4/20/2005:

Intermediate Word:  polder (a) flaming brandy-laced dessert  (b) land reclaimed from the sea  (c) lwarm chemical compress  (d) earthen dam
Difficult Word:
  peeler-  (a) policeman (after Sir John Peel)  (b) one who separates from a group  (c) flensing tool  (d) someone who "peels rubber"

Exploding Star Within A Star Surprises Astronomers - SpaceDaily  Left: White-dwarf star RS Ophiuchi explodes within the atmosphere of its red-giant companion in this artist's impression. Image credit: David A. Hardy/PPARC.  Last Feb. 12, amateur astronomers around the world began reporting something that teams of their professional counterparts had been eagerly awaiting: A faint star in the constellation Ophiuchus suddenly became clearly visible to the naked eye in the night sky. With that news, an international team trained dozens of instruments both ground-based and orbiting on RS Ophiuchi, a star known to have exhibited five such brightenings over the past 108 years.     
Fields of gold: Can non-food crops help break our dependency on oil?  - BBC  Left: Fuel of the future? Barley is used to produce ethanol  In the 19th Century, the only "biofuel" that powered farm machinery was the hay and grain that fed the horses that pulled the plough to turn the soil. But the arrival of the industrial revolution, the advances in our knowledge of chemistry, and the utilisation of oil, revolutionised our lives. Since then, societies around the globe have not looked back. Coal and oil have fuelled economic growth for more than 200 years. But today, political leaders of all persuasions are having to think the unthinkable and look beyond the age of oil. The upward trend in the cost of oil, fears over security of supplies, and the environmental consequences of burning fossil fuels are forcing the rethink. President Bush used his State of the Union address in January to pledge that plant-derived ethanol would be cost-competitive by 2012. In Brazil, 60% of all new cars can run on a fuel mix made up of 85% bioethanol. And in the UK, the government announced last November that 5% of all fuel sold on the nation's forecourts had to be from renewable sources by 2010. British Sugar is in the process of building a 55,000-tonne bioethanol plant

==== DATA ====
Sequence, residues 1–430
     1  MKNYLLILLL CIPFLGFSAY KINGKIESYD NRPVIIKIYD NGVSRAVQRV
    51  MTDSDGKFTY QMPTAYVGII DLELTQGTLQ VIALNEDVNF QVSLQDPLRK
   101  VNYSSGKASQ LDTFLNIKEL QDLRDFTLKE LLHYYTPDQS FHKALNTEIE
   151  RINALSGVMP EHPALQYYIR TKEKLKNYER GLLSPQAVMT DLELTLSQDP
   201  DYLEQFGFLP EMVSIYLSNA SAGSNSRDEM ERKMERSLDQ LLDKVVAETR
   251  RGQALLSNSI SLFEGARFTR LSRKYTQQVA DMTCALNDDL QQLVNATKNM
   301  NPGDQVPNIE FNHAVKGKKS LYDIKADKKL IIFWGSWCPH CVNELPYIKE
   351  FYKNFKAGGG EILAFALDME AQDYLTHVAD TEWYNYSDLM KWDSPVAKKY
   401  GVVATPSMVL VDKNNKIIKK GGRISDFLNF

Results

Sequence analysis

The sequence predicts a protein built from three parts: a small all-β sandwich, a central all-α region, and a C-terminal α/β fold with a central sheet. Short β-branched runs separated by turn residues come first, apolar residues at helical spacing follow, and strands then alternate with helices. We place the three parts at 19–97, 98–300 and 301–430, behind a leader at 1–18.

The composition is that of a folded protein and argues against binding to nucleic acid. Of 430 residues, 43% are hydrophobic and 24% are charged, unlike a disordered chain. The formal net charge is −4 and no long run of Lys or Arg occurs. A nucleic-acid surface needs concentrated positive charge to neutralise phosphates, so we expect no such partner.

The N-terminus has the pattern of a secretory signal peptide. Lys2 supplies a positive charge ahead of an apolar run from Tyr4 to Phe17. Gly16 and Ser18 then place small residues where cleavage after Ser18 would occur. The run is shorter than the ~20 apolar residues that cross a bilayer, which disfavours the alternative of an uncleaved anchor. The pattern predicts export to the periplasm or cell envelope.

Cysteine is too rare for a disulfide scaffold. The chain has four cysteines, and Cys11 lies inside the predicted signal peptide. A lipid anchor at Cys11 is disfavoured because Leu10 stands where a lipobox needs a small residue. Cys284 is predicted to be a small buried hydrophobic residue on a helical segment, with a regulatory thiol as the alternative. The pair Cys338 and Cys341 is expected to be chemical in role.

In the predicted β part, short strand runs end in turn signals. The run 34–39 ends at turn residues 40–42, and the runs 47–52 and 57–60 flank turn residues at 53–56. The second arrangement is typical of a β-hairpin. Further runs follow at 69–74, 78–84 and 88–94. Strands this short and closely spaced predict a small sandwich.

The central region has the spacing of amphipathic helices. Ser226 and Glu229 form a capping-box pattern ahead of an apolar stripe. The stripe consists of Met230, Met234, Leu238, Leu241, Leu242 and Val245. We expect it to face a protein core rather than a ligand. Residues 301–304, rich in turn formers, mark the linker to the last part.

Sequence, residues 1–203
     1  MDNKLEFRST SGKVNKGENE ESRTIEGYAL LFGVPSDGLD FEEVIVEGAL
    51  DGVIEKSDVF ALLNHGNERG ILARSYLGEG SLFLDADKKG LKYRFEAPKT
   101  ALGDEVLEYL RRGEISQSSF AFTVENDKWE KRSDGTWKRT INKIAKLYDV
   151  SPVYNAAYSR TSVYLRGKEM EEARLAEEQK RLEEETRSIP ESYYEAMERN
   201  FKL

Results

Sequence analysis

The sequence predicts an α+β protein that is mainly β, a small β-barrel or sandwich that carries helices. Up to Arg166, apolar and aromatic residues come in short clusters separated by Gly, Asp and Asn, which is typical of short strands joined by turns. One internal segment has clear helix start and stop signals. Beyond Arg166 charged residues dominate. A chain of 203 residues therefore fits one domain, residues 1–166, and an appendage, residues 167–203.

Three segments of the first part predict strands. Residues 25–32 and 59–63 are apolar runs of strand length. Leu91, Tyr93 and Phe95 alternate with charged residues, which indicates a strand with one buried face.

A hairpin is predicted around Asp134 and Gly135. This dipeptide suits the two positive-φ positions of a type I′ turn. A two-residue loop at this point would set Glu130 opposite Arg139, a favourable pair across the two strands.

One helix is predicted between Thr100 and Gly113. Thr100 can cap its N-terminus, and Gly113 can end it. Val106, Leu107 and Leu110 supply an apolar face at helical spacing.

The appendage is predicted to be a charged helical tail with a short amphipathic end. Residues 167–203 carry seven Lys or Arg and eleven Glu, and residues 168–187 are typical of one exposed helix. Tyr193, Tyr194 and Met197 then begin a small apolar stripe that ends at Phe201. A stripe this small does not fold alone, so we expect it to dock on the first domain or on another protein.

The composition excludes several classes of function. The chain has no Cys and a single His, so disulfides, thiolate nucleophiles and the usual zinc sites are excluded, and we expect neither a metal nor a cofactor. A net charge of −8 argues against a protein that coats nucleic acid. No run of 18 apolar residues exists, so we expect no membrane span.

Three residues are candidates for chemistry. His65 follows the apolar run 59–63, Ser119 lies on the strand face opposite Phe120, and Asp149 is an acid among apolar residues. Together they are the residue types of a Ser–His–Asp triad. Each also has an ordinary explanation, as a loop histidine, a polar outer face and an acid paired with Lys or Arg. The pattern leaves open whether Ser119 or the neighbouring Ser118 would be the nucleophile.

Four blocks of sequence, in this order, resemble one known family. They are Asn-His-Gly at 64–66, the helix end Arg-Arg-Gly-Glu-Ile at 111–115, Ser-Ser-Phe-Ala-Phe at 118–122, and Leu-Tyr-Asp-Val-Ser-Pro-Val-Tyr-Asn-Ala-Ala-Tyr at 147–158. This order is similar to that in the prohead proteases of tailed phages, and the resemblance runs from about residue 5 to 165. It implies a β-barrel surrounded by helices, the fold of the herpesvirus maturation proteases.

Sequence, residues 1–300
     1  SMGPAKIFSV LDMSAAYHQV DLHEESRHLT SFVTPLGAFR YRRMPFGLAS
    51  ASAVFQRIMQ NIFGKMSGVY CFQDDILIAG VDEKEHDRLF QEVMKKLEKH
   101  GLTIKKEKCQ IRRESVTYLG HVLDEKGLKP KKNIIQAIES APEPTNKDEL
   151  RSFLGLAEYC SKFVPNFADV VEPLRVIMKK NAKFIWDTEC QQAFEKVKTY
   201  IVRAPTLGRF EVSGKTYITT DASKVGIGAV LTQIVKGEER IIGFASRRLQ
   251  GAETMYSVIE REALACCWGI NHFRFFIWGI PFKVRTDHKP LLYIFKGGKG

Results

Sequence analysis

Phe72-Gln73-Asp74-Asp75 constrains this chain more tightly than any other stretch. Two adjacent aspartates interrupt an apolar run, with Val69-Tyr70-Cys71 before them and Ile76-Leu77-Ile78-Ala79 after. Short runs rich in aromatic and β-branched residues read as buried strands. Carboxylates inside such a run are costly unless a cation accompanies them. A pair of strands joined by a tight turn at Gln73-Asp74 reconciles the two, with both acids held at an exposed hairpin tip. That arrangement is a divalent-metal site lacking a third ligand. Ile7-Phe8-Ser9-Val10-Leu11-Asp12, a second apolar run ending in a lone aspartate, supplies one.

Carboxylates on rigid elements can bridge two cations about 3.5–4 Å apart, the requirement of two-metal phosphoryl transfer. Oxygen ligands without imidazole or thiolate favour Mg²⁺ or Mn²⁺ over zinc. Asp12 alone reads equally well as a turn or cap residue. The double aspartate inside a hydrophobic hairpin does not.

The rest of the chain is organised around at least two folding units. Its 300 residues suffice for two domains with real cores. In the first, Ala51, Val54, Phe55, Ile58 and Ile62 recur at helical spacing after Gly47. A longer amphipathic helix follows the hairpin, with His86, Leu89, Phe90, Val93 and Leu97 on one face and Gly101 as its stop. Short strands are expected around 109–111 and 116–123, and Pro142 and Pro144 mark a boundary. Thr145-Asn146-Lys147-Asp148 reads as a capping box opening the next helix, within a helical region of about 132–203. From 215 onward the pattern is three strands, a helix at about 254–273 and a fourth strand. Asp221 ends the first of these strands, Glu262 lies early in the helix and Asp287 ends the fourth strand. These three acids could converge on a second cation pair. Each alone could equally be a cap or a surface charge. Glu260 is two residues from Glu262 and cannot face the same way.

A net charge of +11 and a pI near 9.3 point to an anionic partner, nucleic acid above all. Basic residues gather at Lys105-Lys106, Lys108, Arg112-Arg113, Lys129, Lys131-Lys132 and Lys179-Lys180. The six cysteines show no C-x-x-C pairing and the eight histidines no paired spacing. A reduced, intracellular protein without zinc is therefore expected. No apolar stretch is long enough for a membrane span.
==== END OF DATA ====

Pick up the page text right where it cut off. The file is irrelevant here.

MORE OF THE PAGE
Snake robots could aid in rescues  - CNN  Left: Chris Borer shows off a snake robot's pipe climbing ability at the Carnegie Mellon robotics lab.  "Right now, the way to get to these trapped survivors is to pull the rubble out one rock at a time," Choset said. "So our dream is to have the snake robot thread through this collapsed rubble and get to victims more quickly." The Carnegie Mellon machines are designed to carry cameras and electronic sensors and can be controlled with a joystick. They wriggle with the help of small electric motors, or servos, commonly used by hobbyists in model airplanes. Built from lightweight aluminum or plastic, the robots are about the size of a human arm or smaller. They are only as good as their human operators.    



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